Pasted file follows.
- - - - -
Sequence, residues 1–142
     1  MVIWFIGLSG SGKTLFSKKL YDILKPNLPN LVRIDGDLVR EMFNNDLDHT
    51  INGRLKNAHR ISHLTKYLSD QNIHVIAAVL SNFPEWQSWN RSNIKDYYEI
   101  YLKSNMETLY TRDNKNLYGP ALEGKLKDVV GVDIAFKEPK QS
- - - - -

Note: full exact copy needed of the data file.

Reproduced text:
Sequence, residues 1–142
     1  MVIWFIGLSG SGKTLFSKKL YDILKPNLPN LVRIDGDLVR EMFNNDLDHT
    51  INGRLKNAHR ISHLTKYLSD QNIHVIAAVL SNFPEWQSWN RSNIKDYYEI
   101  YLKSNMETLY TRDNKNLYGP ALEGKLKDVV GVDIAFKEPK QS